I wonder why they sell the NES version which is apparently an "engineering sample"... for $120 more.
Quote
In telecoms hardware cost is extremely relevant, because it represents up front investment with a fairly long payback. This unit is no more complex or expensive than it needs to be.
I suppose that's why they use the slowest version of the FPGA.
 

Offline SeanB

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Re: Cable ISP backend equipment
« Reply #8 on: January 03, 2015, 06:00:10 am »
Probably the slowest because it is likely the lowest power version and does the job. Power use is very important, more so than price. If you save 2% in power over the life of the equipment that more than covers the whole cost of the unit in many cases. I see much of this infrastructure is aiming to be fanless, just to get the ability to be fitted into a sealed enclosure to keep the inside clean and dry. Otherwise you will need to have an enclosure with a heat exchanger integrated into it to transfer heat without the electronics being exposed.
 

Offline deian

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Re: Cable ISP backend equipment
« Reply #9 on: January 03, 2015, 07:13:20 pm »
Great photos! Especially the one with "Lots of bypassing".
What are you planning to do with the FPGA?
 :-+
 

Offline KJDS

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Re: Cable ISP backend equipment
« Reply #10 on: January 03, 2015, 07:25:29 pm »
Probably the slowest because it is likely the lowest power version and does the job. Power use is very important, more so than price. If you save 2% in power over the life of the equipment that more than covers the whole cost of the unit in many cases. I see much of this infrastructure is aiming to be fanless, just to get the ability to be fitted into a sealed enclosure to keep the inside clean and dry. Otherwise you will need to have an enclosure with a heat exchanger integrated into it to transfer heat without the electronics being exposed.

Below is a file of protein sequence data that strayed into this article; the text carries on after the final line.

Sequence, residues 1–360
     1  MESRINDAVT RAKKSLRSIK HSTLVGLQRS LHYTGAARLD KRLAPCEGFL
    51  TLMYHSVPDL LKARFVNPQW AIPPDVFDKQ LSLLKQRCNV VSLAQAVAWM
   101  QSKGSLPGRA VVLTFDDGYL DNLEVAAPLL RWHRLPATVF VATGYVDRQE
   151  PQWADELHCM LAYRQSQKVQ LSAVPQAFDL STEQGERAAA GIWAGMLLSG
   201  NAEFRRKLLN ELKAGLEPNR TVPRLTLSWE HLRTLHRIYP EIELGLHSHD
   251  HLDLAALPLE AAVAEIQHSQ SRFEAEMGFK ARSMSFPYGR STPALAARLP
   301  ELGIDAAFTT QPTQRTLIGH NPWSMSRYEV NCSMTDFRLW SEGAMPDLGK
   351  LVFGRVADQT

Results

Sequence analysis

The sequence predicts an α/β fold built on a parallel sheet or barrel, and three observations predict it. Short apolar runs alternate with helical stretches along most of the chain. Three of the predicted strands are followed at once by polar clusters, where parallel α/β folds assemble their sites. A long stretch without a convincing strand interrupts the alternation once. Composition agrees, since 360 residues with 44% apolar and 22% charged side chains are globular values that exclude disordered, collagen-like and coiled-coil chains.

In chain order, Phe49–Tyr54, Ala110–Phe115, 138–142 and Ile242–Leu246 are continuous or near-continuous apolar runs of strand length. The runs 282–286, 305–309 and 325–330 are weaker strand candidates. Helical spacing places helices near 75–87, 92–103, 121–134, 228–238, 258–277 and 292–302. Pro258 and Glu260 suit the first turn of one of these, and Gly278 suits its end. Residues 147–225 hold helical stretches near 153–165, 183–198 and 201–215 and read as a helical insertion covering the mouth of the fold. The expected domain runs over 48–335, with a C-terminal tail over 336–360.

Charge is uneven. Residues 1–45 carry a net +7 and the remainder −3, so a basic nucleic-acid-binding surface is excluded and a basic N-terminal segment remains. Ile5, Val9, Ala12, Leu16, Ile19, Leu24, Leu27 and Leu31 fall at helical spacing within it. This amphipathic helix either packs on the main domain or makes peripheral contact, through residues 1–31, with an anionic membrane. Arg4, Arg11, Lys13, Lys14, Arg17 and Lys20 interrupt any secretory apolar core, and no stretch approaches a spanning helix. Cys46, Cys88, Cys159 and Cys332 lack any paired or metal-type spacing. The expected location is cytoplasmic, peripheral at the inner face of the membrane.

It's been a key issue in cellular basestations for a long time.

A big cell tower cabinet used to run 14kW. There's roughly 5,000 of them in the UK. That's 70MW of electricity for 10k hours a year, at 15p a unit.

I don't fancy paying that electricity bill, but I have certainly contributed to it.

Offline SeanB

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Re: Cable ISP backend equipment
« Reply #11 on: January 03, 2015, 07:38:39 pm »
The little cellular site by me has 48000BTU of air conditioning, using 2 24000 BTU units. It generally runs only one at around a 5% duty cycle, though we did have them turn the AC up to 24C instead of the 16C they left it on, as it was causing the walls and flooring above it to sweat in our humid summer. Never been around for service calls though, wonder how much they have crammed into that 3m by 4m room it is in. Has cellular as well as wifi inside, with it's own fibre cabling. Even has provision for an external generator, though it is not present, but has to be brought on site if needed.
 

Offline Stonent

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Re: Cable ISP backend equipment
« Reply #12 on: January 06, 2015, 06:10:01 am »
The larger the government, the smaller the citizen.
 

Offline krivx

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Re: Cable ISP backend equipment
« Reply #13 on: January 07, 2015, 10:28:06 pm »
Will those fpgas be re-worked onto new PCBs?